An Old Celtic Tale of Love & Death – Part Three

The Plot

The wind that had been blowing all day had eased off and darkness was not long away, not with those clouds building up there to the west, the gate-keeper thought. It’s cold enough, there’ll be snow tonight extinguishing what remained of the smouldering red house and the other outbuildings in Eamhain Macha. Smoke from the earlier fires drifted across the cold, damp evening and the smell of soot and burnt thatch hung heavy in the cold air.

Scél spat and turned away from the smashed gate he had once guarded and ducked inside the small hut inside the inner wall of Eamhain Macha, one of the few remaining intact huts within the blackened walls of the dún. A fire burning in the large brazier inside did little to offset the stench of the burnt out Craobh Ruadh, mingled with freshly spilt blood, which lay heavy in the air.

Fergus had left that morning, leading a throng out of Eamhain Macha, destroying as he went, heading for, some were already saying, Crúachan, Medb, the bitch queen’s seat of power in Connachta. Scél spat into the fire and clambered onto his stool before reaching for the mug of dark brew the serving girl had left by the brazier, along with a trencher of bread and a hunk of hard cheese.

He was halfway through the mug when the door was wrenched open and the lean figure of the draoidh stalked in, his cloak already dusted with snow. Cathbad’s face was livid, his white knuckles gripping his rowan staff.

“What has happened here?” He demanded. “Who has done this?” He gestured with one arm, his robe hanging slackly off his thin frame.

Scél hopped off his stool and hurried over to the aged draoidh, “A thousand welcomes, noble Cathbad, sorry it is I am to break this terrible news to you. Come in, come closer to the fire.” The homunculus scuttled over to the hearth and stirred the blocks of peat with an iron poker before climbing back on his stool near the board.

The draoidh strode into the centre of the hut, his eyes glittering, making Scél feel colder than he had felt for a long time.

“What in the name of the Mórrígna has happened here?” Cathbad demanded again, glaring down at the little man

“Sure, wasn’t it the wine trader himself that brought the news?” Scél nervously began, draining his mug noisily and replacing it on the low board, before looking up at Cathbad.

The draoidh lowered the hide skin bag carefully to the floor and opened it slowly. “So, what news was that?” He asked quietly, taking a clay vessel out of the bag and leaning it against the board. Scél looked at the amphora, still sealed with wax and resin, before continuing. “Anyway, this time, over a few mugs of our black ale,” he paused and wiped the back of his hand across his tangled beard, looking sideways as the draoidh broke the seal at the mouth of the amphora, before resuming, “Conor asked Breoga for news from whence he had come.”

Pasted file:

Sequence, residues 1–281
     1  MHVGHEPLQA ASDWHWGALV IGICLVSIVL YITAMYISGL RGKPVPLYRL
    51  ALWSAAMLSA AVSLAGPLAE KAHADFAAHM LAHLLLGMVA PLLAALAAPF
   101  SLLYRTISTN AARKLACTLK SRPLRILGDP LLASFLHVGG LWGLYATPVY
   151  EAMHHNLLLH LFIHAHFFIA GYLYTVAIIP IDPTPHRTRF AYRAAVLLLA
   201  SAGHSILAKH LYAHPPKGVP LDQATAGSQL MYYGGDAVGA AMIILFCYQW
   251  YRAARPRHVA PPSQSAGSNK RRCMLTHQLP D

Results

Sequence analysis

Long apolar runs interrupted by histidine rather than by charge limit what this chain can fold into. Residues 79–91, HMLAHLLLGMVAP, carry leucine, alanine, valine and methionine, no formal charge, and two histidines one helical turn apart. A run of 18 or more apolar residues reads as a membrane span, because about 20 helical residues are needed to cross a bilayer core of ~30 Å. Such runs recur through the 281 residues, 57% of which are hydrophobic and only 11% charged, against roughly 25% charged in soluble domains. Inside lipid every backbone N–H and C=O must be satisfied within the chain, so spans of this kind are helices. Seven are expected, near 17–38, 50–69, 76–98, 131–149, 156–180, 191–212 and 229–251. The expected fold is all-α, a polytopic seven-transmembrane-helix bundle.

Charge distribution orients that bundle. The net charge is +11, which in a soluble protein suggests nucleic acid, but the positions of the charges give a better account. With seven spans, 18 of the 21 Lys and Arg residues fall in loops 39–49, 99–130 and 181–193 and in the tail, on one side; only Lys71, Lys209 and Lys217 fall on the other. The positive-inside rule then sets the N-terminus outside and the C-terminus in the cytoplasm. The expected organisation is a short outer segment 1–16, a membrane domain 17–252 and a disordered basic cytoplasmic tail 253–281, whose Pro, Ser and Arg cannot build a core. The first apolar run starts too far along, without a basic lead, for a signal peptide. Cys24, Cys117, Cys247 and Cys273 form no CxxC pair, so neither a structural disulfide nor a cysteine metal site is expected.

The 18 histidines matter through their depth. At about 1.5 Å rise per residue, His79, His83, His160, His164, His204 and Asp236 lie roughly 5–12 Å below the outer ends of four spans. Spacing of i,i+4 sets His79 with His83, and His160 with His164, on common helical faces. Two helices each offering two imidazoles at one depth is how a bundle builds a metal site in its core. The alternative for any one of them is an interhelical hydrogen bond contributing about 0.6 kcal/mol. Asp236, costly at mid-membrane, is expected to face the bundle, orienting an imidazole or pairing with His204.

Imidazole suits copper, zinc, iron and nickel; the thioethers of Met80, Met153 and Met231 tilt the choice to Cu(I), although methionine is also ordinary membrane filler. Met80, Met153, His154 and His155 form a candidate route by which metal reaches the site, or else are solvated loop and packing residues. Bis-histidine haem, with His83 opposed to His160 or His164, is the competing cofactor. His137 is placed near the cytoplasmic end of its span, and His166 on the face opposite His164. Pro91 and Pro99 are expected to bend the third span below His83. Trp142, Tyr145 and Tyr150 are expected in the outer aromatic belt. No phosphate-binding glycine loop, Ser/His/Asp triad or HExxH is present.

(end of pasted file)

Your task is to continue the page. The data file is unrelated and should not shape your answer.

Cathbad nodded. He knew the trader was a useful link not only in Ériu but also from further afield in Gaul and Hispania, Dál Riata and Greece for news – or gossip, as Ness used to say – from the courts and cities overseas far to the southwest from whence he came. He was a popular visitor at courts throughout the lands, bringing valuable trade items – meteorite iron blades, enamelled brooches, the polished mirrors and scented waters that the ladies loved – with him. Still probably looking for that wolfhound to take away, Cathbad reflected.

“Go on,” he said, his voice flat and cold.

“Well, didn’t Breoga mention that Scáthach, the warrior chieftain in the north of Dál Riata had granted Naoise and his brothers land to hold at Glen Etive as befitted champions?” Scél continued.

The draoidh placed a large earthen jug on the board and picking up one of the handles of the amphora and its pointed base, he poured a jet of the strong Caecuban wine, amber coloured and sweet, into the jug.

Never mind the news, Scél thought to himself, knowing the best Romish wine came in clay vases with two handles, etched wiith its seal of origin, and that was reason enough, he decided, to welcome the draoidh. Quickly, he pushed his mug towards the jug.

Cathbad raised the jug and filled the homunculus’ empty mug before moving to stand so that the weak light from the rush lamps and the glow from the fire illuminated the gatekeeper’s face. The small man hooked the mug closer to him with a rough, callused paw and squinted up at the lean draoidh before taking a long swig from his mug. Drops of wine glittered on his matted moustache and beard.

“Arragh!” The draoidh ground his staff into the dirt floor. “I assume Conor pretended no great interest in that story, dismissing it with a wave of his hand,” he said, imagining Conor thinking why should that foreign bitch have the pleasure of Naoise’s support when slitting his scrawny throat and shoving his balls down it was his, Conor’s, very own right.